Archaeologists discover lost church in submerged medieval settlement

A multi-institutional team of archaeologists have discovered the remains of a church from the submerged medieval settlement of Rungholt in the North Frisian Wadden Sea, Germany.

Rungholt reportedly sank beneath the waves when a storm tide (known as Grote Mandrenke or Den Store Manddrukning) struck the coast in January 1362.

Often known as the “Atlantis of the North Sea,” legend says that Rungholt was a prosperous and expansive town, said to have suffered a catastrophic fate as a divine retribution for the transgressions committed by its inhabitants.

Researchers from Kiel University (CAU), Johannes Gutenberg University Mainz (JGU), the Centre for Baltic and Scandinavian Archaeology (ZBSA), and the State Archaeology Department Schleswig-Holstein (ALSH), have located the site of a large church using a combination of geoscientific and archaeological methods, such as magnetic gradiometry, electromagnetic induction, and seismics.

- Advertisement -

The team found a two-kilometre-long chain of medieval terps (settlement mounds), recorded by using geophysical prospection near Hallig Südfall. Among these terps are unmistakable structures that can be identified as the base of a church measuring 40 metres by 15 metres.

Dr Ruth Blankenfeldt, archaeologist at ZBSA, said: “The special feature of the find lies in the significance of the church as the centre of a settlement structure, which in its size must be interpreted as a parish with superordinate function.”

Surveys of the wider region spanning an area over ten square kilometres have also revealed 54 terps, well-organised drainage systems, a coastal dike featuring a tidal gate harbour, and two locations hosting smaller churches.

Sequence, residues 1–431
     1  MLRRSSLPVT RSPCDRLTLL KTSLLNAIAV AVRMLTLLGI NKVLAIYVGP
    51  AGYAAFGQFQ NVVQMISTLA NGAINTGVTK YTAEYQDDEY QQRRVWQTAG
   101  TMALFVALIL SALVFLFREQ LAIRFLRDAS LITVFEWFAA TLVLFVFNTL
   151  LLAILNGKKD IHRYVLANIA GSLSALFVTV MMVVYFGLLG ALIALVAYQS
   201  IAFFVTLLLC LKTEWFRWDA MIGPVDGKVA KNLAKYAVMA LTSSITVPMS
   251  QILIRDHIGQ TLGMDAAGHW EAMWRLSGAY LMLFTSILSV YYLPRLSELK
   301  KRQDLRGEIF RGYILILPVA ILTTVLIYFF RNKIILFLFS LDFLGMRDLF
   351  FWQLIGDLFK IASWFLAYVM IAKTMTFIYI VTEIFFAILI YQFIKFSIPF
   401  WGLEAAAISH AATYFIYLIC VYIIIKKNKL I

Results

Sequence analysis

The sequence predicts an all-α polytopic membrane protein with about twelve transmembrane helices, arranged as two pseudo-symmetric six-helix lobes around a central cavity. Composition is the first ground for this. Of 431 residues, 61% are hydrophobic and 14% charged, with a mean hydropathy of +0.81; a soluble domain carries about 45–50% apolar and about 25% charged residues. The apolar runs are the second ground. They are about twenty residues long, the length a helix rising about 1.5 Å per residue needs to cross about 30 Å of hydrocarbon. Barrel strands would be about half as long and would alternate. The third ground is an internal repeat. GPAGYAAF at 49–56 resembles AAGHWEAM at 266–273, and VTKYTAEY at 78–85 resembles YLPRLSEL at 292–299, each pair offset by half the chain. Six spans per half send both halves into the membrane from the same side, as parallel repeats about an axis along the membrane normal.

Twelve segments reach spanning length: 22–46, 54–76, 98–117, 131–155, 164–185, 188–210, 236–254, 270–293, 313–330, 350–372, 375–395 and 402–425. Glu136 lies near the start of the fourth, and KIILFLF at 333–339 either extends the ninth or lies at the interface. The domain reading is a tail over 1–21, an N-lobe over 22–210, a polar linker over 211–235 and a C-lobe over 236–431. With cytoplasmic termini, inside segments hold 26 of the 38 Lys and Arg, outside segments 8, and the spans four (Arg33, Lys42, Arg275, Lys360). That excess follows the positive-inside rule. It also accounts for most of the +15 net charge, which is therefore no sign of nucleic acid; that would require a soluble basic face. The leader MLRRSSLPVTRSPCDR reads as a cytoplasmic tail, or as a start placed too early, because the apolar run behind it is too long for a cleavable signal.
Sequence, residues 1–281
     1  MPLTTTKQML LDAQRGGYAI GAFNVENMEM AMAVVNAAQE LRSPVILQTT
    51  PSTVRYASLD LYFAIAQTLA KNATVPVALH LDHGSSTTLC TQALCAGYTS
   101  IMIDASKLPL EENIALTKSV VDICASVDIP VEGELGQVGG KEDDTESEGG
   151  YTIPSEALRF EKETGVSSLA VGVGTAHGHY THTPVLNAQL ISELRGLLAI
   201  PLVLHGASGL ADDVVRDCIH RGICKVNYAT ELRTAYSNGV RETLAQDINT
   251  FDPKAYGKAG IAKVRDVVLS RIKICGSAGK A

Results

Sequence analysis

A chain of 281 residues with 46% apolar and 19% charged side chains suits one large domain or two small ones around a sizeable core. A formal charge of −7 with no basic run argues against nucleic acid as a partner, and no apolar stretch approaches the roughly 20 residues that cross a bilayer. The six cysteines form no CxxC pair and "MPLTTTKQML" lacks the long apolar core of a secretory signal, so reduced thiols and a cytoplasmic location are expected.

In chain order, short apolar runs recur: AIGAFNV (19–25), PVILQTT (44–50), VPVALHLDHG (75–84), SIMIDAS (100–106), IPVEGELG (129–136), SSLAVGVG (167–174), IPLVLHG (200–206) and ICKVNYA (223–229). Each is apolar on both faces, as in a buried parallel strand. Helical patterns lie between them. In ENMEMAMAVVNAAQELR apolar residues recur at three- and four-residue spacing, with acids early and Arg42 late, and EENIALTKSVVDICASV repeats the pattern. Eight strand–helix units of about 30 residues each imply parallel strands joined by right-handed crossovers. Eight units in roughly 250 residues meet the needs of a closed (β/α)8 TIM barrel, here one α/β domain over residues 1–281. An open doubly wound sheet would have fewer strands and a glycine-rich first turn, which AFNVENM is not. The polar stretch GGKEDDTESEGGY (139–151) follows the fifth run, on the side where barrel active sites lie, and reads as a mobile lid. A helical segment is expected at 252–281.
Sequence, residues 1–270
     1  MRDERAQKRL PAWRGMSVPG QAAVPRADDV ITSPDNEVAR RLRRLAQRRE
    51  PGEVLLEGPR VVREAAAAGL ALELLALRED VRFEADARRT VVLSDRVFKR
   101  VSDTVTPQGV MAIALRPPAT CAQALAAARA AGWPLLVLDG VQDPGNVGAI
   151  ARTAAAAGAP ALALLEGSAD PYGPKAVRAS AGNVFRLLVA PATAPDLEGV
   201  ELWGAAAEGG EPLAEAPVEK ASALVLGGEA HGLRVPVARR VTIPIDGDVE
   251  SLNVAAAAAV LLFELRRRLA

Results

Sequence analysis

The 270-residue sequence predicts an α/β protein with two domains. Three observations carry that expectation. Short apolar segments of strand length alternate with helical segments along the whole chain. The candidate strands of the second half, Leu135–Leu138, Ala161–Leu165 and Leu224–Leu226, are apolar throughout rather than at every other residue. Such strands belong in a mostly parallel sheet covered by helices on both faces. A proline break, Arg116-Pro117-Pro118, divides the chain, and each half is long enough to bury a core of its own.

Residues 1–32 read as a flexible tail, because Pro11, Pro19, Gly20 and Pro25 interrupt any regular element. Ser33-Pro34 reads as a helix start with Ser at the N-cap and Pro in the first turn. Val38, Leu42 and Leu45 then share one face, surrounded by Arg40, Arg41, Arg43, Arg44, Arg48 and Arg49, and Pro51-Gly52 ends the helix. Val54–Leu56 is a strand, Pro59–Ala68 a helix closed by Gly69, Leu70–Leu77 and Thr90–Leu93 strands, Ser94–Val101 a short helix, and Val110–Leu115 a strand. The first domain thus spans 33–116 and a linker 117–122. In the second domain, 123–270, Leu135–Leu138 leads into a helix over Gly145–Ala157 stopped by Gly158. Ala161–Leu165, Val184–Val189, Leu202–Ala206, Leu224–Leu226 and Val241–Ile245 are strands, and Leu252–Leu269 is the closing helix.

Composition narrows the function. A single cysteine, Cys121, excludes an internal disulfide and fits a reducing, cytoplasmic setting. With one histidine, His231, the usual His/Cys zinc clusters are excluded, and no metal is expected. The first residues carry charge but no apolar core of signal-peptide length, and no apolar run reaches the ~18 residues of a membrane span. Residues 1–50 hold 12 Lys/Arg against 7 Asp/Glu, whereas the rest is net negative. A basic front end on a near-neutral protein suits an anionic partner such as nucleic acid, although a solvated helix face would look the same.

“Around Hallig Südfall and in other mudflats, the medieval settlement remains are already heavily eroded and often only detectable as negative imprints. This is also very evident around the church’s location, so we urgently need to intensify research here”, said Dr. Hanna Hadler from the Institute of Geography at Mainz University.


Header Image Credit : Dirk Bienen-Scholt

- Advertisement -
Mark Milligan
Mark Milligan
Mark Milligan is an award winning journalist and the Managing Editor at HeritageDaily. His background is in archaeology and computer science, having written over 7,500 articles across several online publications. Mark is a member of the Association of British Science Writers (ABSW), the World Federation of Science Journalists, and in 2023 was the recipient of the British Citizen Award for Education and the BCA Medal of Honour.

Mobile Application


Related Articles

Clusters of ancient qanats discovered in Diyala

An archaeological survey has identified three clusters of ancient qanats in the Diyala Province of Iraq.

16,800-year-old Palaeolithic dwelling found in La Garma cave

Archaeologists have discovered a 16,800-year-old Palaeolithic dwelling in the La Garma cave complex, located in the municipality of Ribamontán al Monte in Spain’s Cantabria province.

Burials found in Maya chultun

Archaeologists from the National Institute of Anthropology and History (INAH) have uncovered burials within a chultun storage chamber at the Maya city of Ek' Balam.

Archaeologists analyse medieval benefits system

Archaeologists from the University of Leicester have conducted a study in the main cemetery of the hospital of St. John the Evangelist, Cambridge, to provide new insights into the medieval benefits system.

Major archaeological discoveries in Mecklenburg-Western Pomerania

In an announcement by the State Office for Culture and Monument Preservation (LAKD), archaeologists excavating in the German state of Mecklenburg-Western Pomerania have uncovered seven Bronze Age swords, 6,000 silver coins, and two Christian reliquary containers.

Early humans hunted beavers 400,000-years-ago

Researchers suggests that early humans were hunting, skinning, and eating beavers around 400,000-years-ago.

Archaeologists find burial bundles with carved masks

A team of archaeologists from the PUCP Archaeology Program “Valley of Pachacámac” have uncovered over 70 intact burial bundles with carved masks.

Should the Elgin Marbles be returned?

The Elgin marbles are a collection of decorative marble sculptures taken from the temple of Athena (the Parthenon) on the Acropolis in Athens.